Wildfires Lead to “Airpocalypse” in Far East Russia as Lack of Air Circulation Turns Extreme

The photo shows wildfires in the region in 2019. (Contains modified Copernicus Sentinel data 2019, CC BY-SA 3.0 IGO <https://creativecommons.org/licenses/by-sa/3.0/igo/deed.en>, via Wikimedia Commons)

Wildfires continue to rage across Far East Russia, especially Yakutia. The land on fire last week nearly rivaled the size of Connecticut.

Volunteers with shovels have been trying to contain the blazes. But the real problem for people living in these regions is the effect on air quality. Authorities in Yakutsk even warned locals to stay indoors as air particles reached 40 times the recommended level. Officials label this extreme situation an “airpocalypse.”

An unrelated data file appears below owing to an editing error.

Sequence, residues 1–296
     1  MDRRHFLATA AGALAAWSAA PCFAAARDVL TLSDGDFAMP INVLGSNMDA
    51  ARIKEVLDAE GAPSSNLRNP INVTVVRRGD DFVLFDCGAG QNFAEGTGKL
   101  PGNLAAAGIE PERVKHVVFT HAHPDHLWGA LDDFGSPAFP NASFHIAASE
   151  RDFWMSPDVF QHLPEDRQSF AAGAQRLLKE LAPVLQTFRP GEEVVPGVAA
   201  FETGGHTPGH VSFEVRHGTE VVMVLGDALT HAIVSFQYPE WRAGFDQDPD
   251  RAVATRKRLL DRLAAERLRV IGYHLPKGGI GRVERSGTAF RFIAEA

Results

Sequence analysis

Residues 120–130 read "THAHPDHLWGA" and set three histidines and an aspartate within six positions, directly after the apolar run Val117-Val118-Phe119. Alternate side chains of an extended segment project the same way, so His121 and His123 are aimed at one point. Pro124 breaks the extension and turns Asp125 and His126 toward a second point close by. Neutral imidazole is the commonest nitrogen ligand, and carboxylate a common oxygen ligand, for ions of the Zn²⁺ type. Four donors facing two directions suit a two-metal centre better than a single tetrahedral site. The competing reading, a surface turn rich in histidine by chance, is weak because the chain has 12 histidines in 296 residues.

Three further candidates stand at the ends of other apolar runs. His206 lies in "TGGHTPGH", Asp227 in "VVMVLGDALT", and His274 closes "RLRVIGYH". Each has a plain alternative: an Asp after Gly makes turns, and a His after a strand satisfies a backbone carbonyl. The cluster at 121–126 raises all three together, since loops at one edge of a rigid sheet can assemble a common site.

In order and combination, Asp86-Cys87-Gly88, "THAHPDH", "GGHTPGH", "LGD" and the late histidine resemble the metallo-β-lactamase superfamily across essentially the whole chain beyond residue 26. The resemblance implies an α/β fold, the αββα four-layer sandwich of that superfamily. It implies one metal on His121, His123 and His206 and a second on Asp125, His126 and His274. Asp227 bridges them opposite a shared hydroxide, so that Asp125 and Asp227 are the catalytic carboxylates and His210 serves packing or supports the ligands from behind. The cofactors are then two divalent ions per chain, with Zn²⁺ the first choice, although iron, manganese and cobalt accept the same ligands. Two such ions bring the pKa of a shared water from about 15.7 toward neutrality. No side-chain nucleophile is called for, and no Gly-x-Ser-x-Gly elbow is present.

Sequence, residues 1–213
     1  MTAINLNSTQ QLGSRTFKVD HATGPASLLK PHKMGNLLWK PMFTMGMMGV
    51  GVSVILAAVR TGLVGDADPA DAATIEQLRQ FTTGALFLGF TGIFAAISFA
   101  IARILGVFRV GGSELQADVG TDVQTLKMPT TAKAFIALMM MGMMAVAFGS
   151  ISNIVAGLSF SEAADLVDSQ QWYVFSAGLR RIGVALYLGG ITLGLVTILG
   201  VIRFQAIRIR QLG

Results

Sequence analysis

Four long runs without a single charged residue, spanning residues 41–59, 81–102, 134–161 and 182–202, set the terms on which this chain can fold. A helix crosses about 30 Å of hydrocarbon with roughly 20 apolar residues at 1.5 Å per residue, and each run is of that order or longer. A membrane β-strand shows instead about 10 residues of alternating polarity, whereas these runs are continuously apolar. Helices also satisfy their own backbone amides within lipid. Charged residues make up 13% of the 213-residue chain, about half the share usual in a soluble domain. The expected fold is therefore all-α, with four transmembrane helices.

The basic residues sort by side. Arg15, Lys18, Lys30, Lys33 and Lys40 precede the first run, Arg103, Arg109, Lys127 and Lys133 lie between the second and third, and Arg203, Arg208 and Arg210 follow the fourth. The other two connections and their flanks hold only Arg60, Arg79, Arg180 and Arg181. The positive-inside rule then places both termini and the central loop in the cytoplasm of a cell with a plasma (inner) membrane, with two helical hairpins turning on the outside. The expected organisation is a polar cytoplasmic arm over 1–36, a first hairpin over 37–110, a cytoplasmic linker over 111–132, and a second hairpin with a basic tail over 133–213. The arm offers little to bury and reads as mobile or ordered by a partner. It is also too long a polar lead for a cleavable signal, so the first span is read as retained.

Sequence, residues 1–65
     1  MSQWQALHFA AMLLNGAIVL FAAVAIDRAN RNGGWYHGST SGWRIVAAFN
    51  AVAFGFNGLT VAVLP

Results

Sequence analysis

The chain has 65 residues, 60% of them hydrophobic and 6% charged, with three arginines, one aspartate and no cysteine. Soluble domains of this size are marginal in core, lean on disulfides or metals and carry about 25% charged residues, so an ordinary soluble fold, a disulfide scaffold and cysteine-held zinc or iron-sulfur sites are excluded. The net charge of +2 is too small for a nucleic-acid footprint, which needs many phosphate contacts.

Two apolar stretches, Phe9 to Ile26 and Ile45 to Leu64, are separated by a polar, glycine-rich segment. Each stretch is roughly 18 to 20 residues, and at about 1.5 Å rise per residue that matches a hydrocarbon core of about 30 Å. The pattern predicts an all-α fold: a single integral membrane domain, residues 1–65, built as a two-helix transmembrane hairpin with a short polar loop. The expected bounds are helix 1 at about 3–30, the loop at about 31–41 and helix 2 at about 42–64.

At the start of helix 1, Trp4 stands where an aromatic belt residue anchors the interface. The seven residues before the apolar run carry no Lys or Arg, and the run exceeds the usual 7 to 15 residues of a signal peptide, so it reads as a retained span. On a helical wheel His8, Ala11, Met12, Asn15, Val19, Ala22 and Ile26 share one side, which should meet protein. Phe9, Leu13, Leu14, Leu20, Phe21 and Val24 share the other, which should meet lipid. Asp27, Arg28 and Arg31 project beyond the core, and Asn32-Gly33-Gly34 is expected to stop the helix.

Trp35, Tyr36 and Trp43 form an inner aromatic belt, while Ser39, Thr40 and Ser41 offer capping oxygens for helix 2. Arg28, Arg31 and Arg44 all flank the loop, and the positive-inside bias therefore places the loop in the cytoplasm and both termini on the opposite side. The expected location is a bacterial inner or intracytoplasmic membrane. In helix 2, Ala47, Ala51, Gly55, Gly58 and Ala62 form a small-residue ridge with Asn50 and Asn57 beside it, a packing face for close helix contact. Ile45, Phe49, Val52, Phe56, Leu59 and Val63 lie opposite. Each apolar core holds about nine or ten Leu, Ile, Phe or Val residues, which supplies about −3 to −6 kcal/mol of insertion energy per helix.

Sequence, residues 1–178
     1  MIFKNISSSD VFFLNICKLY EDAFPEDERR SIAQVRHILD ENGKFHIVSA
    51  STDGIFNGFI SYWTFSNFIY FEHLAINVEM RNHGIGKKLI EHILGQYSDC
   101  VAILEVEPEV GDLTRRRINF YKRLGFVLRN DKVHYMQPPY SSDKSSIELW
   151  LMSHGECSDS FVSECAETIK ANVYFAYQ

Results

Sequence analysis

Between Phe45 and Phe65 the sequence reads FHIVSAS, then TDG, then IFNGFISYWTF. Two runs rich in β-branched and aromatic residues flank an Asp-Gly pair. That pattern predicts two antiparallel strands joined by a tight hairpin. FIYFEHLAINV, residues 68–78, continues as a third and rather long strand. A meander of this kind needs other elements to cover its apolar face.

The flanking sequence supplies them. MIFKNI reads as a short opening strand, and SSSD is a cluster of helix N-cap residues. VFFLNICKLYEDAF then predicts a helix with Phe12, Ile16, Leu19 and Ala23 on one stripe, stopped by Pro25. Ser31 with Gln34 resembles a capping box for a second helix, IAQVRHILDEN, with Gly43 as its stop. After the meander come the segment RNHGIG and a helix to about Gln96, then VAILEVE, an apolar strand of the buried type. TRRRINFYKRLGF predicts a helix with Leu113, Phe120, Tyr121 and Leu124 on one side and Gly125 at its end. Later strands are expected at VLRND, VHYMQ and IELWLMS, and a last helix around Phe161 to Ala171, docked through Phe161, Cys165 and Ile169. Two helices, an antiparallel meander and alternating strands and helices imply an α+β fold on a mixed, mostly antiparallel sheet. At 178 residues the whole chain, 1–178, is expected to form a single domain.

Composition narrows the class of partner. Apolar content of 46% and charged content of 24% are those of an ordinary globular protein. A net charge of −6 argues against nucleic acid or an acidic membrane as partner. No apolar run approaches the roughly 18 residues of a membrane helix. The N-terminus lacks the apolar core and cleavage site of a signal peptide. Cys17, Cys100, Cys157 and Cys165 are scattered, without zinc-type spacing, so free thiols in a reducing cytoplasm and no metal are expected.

Eric Mock of the Slavic Gospel Association says, “The air circulation through there has always been very difficult. In the middle of the heat, it is quite stagnant. During fires, the smoke will generally not dissipate. This is really surprising in those regions that see just incredible temperatures plunging to 60 and 70 below zero in the winter. They have just horrendous cold in the winter but also very miserable, hot summers.”

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SOURCE: Mission Network News, Kevin Zeller


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